... He gives a vivid and accurate description of the last colony of the European Beaver in Wales on the River Teifi, but spoils it by repeating the legend that beavers castrate themselves to avoid danger ... Likewise he gives a good description of an Osprey fishing, but adds the mythical detail that the bird has one webbed foot ... His description of Irish wildlife was harshly called "worthless" the better view perhaps is that despite its faults it gives a valuable glimpse of Irish fauna in the 1180s ...
History of Knowledge of Ventricular Fibrillation
... Whether this is a description of ventricular fibrillation is debatable ... The next recorded description occurs 3000 years later and is recorded by Vesalius, who described the appearance of "worm-like" movements of the heart in animals prior to death ... The significance and clinical importance of these observations and descriptions possibly of ventricular fibrillation were not recognised until John Erichsen in 1842 described ventricular ...
Universal Description Discovery And Integration
... Universal Description, Discovery and Integration (UDDI, pronounced Yu-diː) is a platform-independent, Extensible Markup Language (XML)-based registry by which businesses worldwide can list ... It is designed to be interrogated by SOAP messages and to provide access to Web Services Description Language (WSDL) documents describing the protocol bindings and ...
Essay - Forms and Styles - Descriptive
... dominant impression, using descriptive language, and organizing the description are the rhetorical choices to be considered when using a description ... A description is usually arranged spatially but can also be chronological or emphatic ... The focus of a description is the scene ...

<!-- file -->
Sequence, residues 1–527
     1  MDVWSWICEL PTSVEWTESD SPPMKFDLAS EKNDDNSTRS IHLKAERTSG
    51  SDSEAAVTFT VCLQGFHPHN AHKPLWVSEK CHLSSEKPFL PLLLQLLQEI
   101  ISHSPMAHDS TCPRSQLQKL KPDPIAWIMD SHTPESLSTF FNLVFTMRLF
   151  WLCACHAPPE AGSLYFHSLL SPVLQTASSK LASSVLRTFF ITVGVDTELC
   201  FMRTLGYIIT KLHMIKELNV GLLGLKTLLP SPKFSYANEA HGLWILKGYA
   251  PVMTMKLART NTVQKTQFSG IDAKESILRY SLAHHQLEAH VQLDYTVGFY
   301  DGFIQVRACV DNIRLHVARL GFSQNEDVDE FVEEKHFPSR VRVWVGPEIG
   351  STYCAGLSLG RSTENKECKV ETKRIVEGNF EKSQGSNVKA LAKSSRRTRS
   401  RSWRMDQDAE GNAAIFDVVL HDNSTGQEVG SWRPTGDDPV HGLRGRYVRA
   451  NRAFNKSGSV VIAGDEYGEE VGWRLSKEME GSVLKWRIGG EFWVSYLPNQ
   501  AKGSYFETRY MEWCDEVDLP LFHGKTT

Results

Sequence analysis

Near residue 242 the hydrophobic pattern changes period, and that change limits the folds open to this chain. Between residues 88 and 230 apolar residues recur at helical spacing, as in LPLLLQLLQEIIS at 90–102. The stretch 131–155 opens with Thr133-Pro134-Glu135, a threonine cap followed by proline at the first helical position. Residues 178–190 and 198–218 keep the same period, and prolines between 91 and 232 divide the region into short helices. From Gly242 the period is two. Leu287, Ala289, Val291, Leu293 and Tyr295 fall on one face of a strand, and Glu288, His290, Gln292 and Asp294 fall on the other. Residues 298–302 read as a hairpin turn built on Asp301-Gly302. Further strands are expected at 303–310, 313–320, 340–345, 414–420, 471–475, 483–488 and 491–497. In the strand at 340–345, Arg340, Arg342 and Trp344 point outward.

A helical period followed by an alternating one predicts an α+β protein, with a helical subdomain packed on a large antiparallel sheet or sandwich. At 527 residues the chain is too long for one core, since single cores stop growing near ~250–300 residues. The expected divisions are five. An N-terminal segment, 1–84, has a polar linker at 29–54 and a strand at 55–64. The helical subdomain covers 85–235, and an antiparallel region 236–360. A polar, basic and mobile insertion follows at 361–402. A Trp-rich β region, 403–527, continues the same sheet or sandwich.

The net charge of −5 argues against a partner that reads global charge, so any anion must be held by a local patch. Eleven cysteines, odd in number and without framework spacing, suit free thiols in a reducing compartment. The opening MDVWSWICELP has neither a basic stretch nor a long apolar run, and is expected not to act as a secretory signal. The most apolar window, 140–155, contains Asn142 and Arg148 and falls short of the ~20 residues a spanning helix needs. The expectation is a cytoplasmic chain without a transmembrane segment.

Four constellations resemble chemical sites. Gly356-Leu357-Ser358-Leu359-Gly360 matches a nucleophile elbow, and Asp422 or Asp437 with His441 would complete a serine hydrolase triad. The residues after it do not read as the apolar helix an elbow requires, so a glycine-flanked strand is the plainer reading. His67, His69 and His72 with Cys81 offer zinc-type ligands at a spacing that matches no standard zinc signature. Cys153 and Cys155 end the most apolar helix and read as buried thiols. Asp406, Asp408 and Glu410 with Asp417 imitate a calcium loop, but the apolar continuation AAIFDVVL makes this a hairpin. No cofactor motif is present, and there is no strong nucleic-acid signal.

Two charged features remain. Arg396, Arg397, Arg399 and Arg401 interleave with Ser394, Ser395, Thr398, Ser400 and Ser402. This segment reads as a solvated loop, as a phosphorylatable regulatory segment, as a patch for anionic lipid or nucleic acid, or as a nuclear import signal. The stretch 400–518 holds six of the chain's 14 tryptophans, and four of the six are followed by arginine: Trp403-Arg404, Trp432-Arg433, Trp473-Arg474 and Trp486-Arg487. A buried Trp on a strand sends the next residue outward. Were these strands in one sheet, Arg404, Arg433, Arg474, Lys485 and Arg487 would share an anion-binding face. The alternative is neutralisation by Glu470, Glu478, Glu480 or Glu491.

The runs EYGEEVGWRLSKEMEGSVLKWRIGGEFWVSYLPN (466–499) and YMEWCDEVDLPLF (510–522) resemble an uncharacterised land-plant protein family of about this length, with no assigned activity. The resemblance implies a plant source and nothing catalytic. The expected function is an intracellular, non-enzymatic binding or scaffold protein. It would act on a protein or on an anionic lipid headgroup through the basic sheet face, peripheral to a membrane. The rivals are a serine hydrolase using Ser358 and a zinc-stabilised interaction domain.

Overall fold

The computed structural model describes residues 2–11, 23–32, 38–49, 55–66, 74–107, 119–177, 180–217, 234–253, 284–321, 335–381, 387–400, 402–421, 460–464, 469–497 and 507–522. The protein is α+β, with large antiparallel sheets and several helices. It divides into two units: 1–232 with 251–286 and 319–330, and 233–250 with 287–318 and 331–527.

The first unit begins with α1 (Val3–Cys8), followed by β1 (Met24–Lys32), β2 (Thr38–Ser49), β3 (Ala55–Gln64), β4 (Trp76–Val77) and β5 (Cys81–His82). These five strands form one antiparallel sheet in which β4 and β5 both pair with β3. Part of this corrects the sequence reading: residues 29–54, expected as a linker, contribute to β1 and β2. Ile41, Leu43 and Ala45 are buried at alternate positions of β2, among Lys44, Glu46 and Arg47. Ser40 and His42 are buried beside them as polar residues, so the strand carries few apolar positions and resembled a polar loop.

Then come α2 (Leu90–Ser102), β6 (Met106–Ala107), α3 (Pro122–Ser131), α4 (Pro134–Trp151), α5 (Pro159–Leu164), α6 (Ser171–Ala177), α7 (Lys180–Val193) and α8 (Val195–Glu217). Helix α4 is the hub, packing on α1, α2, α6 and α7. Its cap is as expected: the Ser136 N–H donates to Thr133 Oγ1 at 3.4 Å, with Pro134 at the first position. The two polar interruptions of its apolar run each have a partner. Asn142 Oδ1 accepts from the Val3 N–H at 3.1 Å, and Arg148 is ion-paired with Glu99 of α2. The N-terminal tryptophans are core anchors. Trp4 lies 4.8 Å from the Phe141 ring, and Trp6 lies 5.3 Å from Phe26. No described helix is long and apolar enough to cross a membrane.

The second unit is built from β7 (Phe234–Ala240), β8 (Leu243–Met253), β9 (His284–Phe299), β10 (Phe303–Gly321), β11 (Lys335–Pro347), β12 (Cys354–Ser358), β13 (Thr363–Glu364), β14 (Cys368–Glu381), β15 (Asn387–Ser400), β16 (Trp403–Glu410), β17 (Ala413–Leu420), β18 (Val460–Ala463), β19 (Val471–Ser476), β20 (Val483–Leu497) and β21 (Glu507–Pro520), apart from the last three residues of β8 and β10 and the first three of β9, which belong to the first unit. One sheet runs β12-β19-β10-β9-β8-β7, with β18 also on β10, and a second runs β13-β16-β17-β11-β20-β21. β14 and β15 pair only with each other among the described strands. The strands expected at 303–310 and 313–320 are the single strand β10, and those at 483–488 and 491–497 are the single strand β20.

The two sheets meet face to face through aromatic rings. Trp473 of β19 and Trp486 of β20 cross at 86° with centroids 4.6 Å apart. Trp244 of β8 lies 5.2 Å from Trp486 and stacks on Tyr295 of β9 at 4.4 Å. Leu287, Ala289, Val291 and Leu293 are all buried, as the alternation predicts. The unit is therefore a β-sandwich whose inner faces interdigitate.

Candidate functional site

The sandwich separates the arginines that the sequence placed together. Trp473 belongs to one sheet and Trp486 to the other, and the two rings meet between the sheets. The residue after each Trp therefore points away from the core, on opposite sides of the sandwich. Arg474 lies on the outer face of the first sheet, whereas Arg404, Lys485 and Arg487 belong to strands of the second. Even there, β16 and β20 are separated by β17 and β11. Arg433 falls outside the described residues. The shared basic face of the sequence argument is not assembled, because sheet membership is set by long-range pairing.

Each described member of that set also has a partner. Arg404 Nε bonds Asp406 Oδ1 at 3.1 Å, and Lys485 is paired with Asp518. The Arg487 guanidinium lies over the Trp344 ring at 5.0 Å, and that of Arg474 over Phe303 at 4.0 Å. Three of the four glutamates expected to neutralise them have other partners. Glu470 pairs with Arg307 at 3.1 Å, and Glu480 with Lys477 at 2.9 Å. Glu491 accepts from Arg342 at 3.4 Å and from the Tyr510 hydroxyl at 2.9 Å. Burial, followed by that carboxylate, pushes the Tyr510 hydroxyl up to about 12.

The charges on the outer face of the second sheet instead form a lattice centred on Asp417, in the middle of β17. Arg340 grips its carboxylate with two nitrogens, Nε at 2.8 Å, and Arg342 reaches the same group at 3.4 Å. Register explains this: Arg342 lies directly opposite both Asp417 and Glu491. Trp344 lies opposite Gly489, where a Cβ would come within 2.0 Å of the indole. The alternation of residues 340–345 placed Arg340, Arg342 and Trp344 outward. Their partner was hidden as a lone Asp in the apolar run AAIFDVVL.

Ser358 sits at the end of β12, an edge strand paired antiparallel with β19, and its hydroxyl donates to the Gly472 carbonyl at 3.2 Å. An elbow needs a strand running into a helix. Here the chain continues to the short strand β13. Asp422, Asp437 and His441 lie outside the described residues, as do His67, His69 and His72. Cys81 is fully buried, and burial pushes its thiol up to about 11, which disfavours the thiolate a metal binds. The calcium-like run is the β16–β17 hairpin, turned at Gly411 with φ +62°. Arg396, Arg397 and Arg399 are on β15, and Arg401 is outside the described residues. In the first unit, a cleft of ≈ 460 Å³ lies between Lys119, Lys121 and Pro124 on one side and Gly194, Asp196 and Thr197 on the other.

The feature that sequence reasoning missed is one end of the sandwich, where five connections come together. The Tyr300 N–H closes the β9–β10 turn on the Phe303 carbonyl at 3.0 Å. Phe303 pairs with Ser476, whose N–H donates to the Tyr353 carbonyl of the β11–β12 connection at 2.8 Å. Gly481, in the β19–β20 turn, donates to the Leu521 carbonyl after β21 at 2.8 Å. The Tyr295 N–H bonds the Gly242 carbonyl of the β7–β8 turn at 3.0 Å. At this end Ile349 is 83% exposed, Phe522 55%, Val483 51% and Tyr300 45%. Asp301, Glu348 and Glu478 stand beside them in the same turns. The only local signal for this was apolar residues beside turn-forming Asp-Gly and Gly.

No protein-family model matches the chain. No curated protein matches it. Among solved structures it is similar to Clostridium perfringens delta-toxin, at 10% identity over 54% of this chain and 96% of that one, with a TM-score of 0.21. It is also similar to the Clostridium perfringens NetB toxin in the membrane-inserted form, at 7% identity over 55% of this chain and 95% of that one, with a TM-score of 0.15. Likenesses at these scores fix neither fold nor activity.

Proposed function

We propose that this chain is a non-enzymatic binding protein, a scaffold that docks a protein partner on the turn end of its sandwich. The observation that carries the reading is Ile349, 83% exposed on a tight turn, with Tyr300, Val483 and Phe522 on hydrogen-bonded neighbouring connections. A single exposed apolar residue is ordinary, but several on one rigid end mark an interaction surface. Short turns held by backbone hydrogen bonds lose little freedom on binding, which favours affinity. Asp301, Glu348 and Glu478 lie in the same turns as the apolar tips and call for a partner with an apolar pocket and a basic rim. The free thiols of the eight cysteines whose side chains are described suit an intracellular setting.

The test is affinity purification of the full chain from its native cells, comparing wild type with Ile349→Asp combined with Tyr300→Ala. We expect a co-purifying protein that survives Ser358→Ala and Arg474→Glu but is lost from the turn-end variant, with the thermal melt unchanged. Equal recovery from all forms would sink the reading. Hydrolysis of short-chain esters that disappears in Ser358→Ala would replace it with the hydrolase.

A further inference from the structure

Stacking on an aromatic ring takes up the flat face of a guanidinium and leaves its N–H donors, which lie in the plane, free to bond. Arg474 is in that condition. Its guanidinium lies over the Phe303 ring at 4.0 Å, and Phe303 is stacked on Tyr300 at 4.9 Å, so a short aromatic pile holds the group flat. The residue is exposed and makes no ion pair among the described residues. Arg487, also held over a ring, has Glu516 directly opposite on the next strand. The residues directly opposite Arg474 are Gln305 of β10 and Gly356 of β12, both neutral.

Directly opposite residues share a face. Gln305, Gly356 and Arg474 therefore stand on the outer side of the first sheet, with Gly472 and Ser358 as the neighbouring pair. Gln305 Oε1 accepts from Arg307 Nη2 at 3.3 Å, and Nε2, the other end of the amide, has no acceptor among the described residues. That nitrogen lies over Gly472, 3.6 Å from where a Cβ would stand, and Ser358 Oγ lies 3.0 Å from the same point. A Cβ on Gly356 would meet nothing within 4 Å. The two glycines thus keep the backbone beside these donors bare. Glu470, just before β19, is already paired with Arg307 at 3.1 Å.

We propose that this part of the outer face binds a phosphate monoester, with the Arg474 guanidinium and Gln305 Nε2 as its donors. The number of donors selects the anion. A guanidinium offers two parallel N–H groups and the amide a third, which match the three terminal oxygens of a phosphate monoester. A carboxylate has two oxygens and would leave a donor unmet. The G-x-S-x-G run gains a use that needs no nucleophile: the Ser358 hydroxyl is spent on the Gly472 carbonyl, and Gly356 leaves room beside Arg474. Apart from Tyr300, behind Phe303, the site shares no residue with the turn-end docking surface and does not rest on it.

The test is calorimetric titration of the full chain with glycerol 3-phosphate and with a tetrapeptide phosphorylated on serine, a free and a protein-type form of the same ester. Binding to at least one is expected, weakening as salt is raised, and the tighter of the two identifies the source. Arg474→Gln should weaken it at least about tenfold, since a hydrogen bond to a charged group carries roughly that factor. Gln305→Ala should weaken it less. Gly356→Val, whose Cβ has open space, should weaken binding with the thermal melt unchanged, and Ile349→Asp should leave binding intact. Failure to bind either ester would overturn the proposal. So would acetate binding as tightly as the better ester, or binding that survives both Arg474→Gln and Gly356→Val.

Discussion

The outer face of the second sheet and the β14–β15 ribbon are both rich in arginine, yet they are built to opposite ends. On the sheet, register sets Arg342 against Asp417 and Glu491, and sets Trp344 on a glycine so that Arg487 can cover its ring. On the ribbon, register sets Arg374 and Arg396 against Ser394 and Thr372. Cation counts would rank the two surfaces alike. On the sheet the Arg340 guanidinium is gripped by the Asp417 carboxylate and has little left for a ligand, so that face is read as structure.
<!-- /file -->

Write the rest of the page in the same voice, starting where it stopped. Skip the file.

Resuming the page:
Meta Element Used in Search Engine Optimization - The description Attribute
... Unlike the keywords attribute, the description attribute is supported by most major search engines, like Yahoo! and Bing, while Google will fall back on this tag ... The description attribute provides a concise explanation of a Web page's content ... This allows the Web page authors to give a more meaningful description for listings than might be displayed if the search engine was unable to automatically create its own description based on the ...

Famous quotes containing the words description of, films and/or description:

    The type of fig leaf which each culture employs to cover its social taboos offers a twofold description of its morality. It reveals that certain unacknowledged behavior exists and it suggests the form that such behavior takes.
    Freda Adler (b. 1934)

    The cinema is not an art which films life: the cinema is something between art and life. Unlike painting and literature, the cinema both gives to life and takes from it, and I try to render this concept in my films. Literature and painting both exist as art from the very start; the cinema doesn’t.
    Jean-Luc Godard (b. 1930)

    I fancy it must be the quantity of animal food eaten by the English which renders their character insusceptible of civilisation. I suspect it is in their kitchens and not in their churches that their reformation must be worked, and that Missionaries of that description from [France] would avail more than those who should endeavor to tame them by precepts of religion or philosophy.
    Thomas Jefferson (1743–1826)